“Years later there were some conversations about the race,” Steve said. “He told me that the track, cinder, was compacted in the inside and middle lanes, but loose on the far lane. He had the far lane.

“It had rained a lot the day before and that makes the cinder loose for the next day. Most of the races are run without use of the outside lane like the hurdles. So that lane had not re-packed from use. That's the one he drew.”

It was tough to pull that out of his dad.

“It's not the kind of thing he talked about,” he said. “He'd tell you, 'I finished second and it was a photo.' He didn't ever say, 'And, I had the outside lane and it was loose cinder and I held because of a false start.' But it's something I think is important to tell.

“The one other thing I recall him saying about track was that he had the wrong form for the 100 dash. He practiced getting up quickly to go over the first hurdle. You don't do that in the 100 dash. You want to stay down for several steps to build speed. He raised up in the dash and felt he probably lost speed. He just didn't practice it so that wasn't something he could fix.”

Scott's daughter, Marsha, has a priceless story about a trip back to the Naval Academy. It dates to her days as deputy chief for personnel in Bill Clinton's White House. Yes, there are probably other stories.

The one she loves to tell is about taking her dad back to Annapolis, Md., for a tour of the academy, the first time back after resigning in 1945 to return to Arkansas.

“I had asked about setting up a private tour and he agreed,” Marsha said. “That was 1993, almost 50 years later. He'd never said much about leaving Navy. We all knew that was very tough to do, but they frowned on married students and he was in love.

“It was difficult. We all knew he was proud of going to Navy, but he just didn't talk about it.”

The tour was conducted by a Navy ensign, with just dad and daughter.

“It started off very quiet,” Marsha said. “Dad just wasn't saying much. We went to a couple of places and then to the athletic hall, the dorm.”

There was a stairway that led to the dorm rooms. At the top of the stairs began a wall with Navy stars inducted into the National Football Foundation Hall of Fame.

“There were three plaques – with pictures – on the wall when we made the first turn,” Marsha said. “They were Roger Staubach, Joe Bellino and Dad's. The ensign stopped and turned to look at Dad. He said, 'That's you!' And when he did, Dad started crying. The ensign started crying. I did, too.

“From that point forward, Dad lit up. He had a great time.

“I think it was a great time of healing. I know he felt kind of embarrassed he'd left Navy. When he saw that plaque – the same one they have on display in the museum at Arkansas - it was clear that they remembered him the same way at Navy.”

Indeed, Scott is displayed next to Navy's two Heisman Trophy winners.

Clyde Scott, wearing a No. 59 practice jersey on the right, sits with Arkansas coach John Barnhill, left, and teammate Joyce Pipkins.

The other part of Scott's story is that rarely was he healthy. That goes for his time at Navy, Arkansas and later in a four-year NFL career with Philadelphia and Detroit. His 6-0, 175-pound frame was not built for heavy contact. His natural position probably would have been flanker in today's game. That speed was wonderful in open space, but not so much as an off-tackle runner from the tailback position, where he played in the NFL.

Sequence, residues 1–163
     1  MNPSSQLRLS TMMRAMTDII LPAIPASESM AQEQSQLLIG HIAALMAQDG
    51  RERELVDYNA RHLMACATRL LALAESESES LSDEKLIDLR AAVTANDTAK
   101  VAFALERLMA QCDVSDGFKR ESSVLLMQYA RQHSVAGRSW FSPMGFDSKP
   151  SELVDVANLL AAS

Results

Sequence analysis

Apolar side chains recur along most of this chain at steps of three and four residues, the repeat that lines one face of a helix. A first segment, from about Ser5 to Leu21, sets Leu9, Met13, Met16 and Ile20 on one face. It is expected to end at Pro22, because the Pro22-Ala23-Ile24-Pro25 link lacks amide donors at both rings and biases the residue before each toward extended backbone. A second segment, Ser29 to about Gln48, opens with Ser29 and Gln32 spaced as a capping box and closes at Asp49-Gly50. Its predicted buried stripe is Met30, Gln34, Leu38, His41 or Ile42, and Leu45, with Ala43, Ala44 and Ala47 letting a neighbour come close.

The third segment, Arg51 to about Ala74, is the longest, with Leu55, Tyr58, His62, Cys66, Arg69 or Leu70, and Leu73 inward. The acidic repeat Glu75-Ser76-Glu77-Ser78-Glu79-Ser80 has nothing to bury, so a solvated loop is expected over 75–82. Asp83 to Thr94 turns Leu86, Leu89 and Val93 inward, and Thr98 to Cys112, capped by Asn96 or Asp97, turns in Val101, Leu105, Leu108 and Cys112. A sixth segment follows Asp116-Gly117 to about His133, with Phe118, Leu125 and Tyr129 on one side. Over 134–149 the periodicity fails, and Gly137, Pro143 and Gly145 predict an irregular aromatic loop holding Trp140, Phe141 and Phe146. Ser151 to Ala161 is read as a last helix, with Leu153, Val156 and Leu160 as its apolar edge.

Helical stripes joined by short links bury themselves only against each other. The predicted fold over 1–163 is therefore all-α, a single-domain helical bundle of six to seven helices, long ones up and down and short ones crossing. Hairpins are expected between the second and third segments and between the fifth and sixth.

“Dad had shoulder, knee and ankle problems,” Steve said. “They were chronic from early on in sports. Navy built him a special brace for his ankle. He was fragile, but he played through it.

“The other part that most don't realize is that he was never dedicated to track. There were just not proper facilities and coaches where he was at. Just think about that: He was in probably the most technical event, the hurdles. He had no form. He was self-taught.”

That's what everyone said, then and now.

“You can find video of him running the hurdles at different times in his career,” Steve said. “You can see one time he might lead with one knee, another time the other knee. That's not done now.”

The reason was because of injuries.

“He was hurt so often, he just led with the good leg,” Steve said. “That's probably not the best way to handle it.”

Of course, it's hard to find any who actually saw Scott play firsthand. I found one, 85-year old Eddie Bradford, a member of the 1954 Arkansas SWC championship team known as the "25 Little Pigs." Bradford, a Little Rock native, saw Scott in UA games at Quigley Stadium on the campus of Little Rock Central, where the Razorbacks played before War Memorial Stadium was built.

“I think maybe it was three or four times, and he's one of the main reasons I went,” Bradford said. "You wanted to see Clyde Scott. He was the top athlete of that time and maybe our greatest athlete ever. He was my hero. I remember seeing him in 1946 at (Quigley) Stadium.

“What you always have to add about Scotty is that he was more than a great athlete. He was a gentleman all of his life and everyone looked up to him. You put men like Clyde Scott and Ken Hatfield in the same category, just great men.

“You just say, 'A gentleman's gentleman.' That would be correct. I would try to get him to talk about his time playing for the Razorbacks. He would just simply say it was so easy because he'd follow the wipe-out blocks of Muscles. He said that was his secret.”

I reached out to one other Arkansas legend for perspective. Retired high school coach Barry Lunney Sr. heard about Scott all of his life from his father, John, a teammate with Scott at Arkansas.

“How many stories have I heard about Clyde Scott?” Lunney said. “I heard them over and over.”

John Lunney played left tackle in front of Scott.

“Obviously, there was a lot about his speed,” Lunney said. “Dad also talked about seeing him practice in track. He had a routine where he put a Coke bottle cap on the hurdle and he'd want to knock it off with his butt when he went over. If he didn't, he thought he was too high.

“Dad said his speed was such in football, that if the first defender didn't get him down, it was over. No one else had his speed.”

No doubt, Clyde Scott could run a hole in the wind.